The NBA’s behavior toward the Chinese communists is nothing sort of despicable.
In its weekly "Gigs and Garlands" editorial, the News Herald's sister paper, The Ledger of Lakeland, criticized President Donald Trump for tweeting praise to the communist government of China for its 70th anniversary in power — absolute, dictatorial, murderous power, we would add.
The president, who too frequently shoots from the lip or the thumbs, with no thoughtful mediation about his words’ effect, was obviously misguided. Essentially, the tweet, given Trump’s overconfident belief he can woo Chinese President Xi Jinping or any other international strongman, was Trump being Trump.
But while Trump has publicly flattered Xi, the president also has waged a trade war against Beijing more vicious than anything contemplated by his predecessors — openly challenging the Chinese for stealing U.S. intellectual property and implementing $360 billion in tariffs on China, while vowing to add another $160 billion more in December, even as China’s retaliatory tariffs hurt Trump’s most loyal voters in the middle of the country.
The National Basketball Association, on the other hand, has no such excuse. Thus, its lapdog behavior toward the Chinese communists is nothing sort of despicable.
Over the past four months in Hong Kong, a vigorous protest of a controversial criminal law has morphed into a pro-democracy movement critical of the central Chinese government’s encroachment on Hong Kong’s autonomy, as guaranteed under the 1997 agreement that turned the island back over to China.
Last weekend, Houston Rockets General Manager Daryl Morey tweeted in favor of the demonstrators: "Fight for freedom, stand with Hong Kong." Morey soon found himself on an island.
Chinese officials in Houston, the Chinese Basketball Association, the NBA and Rockets owner Tilman Fertitta all publicly rebuked Morey.
Morey’s tweet also prompted Chinese broadcast, banking and clothing companies to suspend ties with his team, and placed the NBA as a whole in a precarious position. The league has billions of dollars at stake in growing its presence in China, which is now an estimated 10% of its fan base. Morey quickly deleted the tweet and apologized, hoping to defuse the situation.
But the league’s reaction has gotten worse as the week wore on. NBA Commissioner Adam Silver tried to appease both sides, without success. At one point, Silver said the league would live with the "consequences" of free speech. "The NBA will not put itself in a position of regulating what players, employees and team owners say or will not say," he said. After that all of the NBA’s Chinese business partners severed ties to the league. On Friday the league announced that no one from two teams playing an exhibition game in China would be available for media interviews. So much for not regulating what players say.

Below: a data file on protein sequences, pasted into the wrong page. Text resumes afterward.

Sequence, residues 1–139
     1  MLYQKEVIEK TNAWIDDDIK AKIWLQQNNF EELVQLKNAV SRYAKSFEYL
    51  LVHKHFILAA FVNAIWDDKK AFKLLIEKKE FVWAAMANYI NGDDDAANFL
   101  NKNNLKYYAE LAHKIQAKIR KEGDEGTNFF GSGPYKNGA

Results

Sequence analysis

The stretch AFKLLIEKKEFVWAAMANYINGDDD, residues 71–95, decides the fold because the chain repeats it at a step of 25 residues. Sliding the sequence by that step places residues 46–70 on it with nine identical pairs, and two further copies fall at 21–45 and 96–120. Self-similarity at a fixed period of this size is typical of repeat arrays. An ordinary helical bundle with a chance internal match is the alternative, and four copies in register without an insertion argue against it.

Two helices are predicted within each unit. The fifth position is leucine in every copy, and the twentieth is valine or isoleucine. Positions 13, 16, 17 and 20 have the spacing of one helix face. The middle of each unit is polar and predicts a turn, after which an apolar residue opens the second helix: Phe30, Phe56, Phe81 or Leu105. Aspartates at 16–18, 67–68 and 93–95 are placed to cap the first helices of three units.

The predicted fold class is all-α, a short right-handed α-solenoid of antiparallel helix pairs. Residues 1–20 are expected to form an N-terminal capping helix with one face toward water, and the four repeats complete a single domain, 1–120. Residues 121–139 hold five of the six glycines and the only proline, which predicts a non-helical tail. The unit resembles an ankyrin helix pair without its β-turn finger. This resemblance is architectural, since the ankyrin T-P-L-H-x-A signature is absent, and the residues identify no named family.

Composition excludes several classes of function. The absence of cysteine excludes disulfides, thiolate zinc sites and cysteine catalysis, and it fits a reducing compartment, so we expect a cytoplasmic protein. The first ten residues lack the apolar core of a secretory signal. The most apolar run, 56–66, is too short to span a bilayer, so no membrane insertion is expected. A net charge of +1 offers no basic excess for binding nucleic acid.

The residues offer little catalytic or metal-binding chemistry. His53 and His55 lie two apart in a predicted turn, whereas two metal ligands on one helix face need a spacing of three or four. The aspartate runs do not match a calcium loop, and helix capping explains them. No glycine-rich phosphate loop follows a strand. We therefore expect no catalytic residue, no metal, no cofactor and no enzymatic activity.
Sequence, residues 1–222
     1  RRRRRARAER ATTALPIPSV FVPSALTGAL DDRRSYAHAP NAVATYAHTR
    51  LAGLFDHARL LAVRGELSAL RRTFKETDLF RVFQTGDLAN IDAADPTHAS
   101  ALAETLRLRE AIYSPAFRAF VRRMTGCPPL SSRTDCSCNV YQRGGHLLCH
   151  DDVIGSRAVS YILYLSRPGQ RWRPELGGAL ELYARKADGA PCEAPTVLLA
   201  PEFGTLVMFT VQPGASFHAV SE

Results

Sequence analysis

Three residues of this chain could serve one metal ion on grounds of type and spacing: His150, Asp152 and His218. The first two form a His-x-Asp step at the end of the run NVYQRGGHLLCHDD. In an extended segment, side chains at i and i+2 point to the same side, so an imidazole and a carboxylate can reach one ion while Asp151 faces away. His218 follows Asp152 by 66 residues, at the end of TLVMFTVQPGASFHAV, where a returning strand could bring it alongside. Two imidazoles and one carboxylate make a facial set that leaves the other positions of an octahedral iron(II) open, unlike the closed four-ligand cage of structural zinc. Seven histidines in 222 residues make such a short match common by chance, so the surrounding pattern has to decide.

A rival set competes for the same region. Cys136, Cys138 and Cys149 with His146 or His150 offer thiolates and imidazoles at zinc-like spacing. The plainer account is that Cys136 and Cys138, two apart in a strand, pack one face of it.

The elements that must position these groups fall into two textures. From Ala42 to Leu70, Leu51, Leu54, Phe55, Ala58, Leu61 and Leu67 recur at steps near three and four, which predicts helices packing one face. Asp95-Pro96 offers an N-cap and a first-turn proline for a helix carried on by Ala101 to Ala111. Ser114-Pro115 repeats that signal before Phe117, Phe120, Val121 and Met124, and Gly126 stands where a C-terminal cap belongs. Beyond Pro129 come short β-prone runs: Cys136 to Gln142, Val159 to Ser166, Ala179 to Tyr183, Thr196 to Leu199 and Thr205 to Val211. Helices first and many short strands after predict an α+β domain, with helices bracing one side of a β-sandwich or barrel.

The NBA has been among the most woke of entertainment providers, encouraging support for Black Lives Matter, moving its all-star game from North Carolina to protest a law that forced transgender people to use the bathroom of their birth sex, saying little as players and coaches routinely denounced Trump and even forbidding the word "owner" for the teams’, well, owners.
Last year, when Trump was Twitter-feuding with NBA superstars LeBron James and Steph Curry, Silver told ESPN, "Politics have always been part of players’ lives." "These are multidimensional people," he added. "They should talk about issues that are important to them. It doesn’t mean everybody has to agree on those issues, but that’s America. This is a platform for free speech."
While Silver has supposedly defended free speech, the league has moved to crush that in a way that surely makes its Chinese benefactors smile. Outspoken players and coaches who had no problem bashing Trump are strangely silent or are pleading ignorance in commenting on Hong Kong.
The problem here is bigger than the NBA, of course. We, as a nation, and major U.S. corporations have gotten so indebted to China as a market that we now almost instinctively avoid alienating the autocrats. As for the NBA, we see now that when China says "Shut up and dribble," to borrow from Fox News host Laura Ingraham, the NBA won’t cry foul.
A longer version of this editorial first appeared in the Ledger, a News Herald sister paper with GateHouse Media.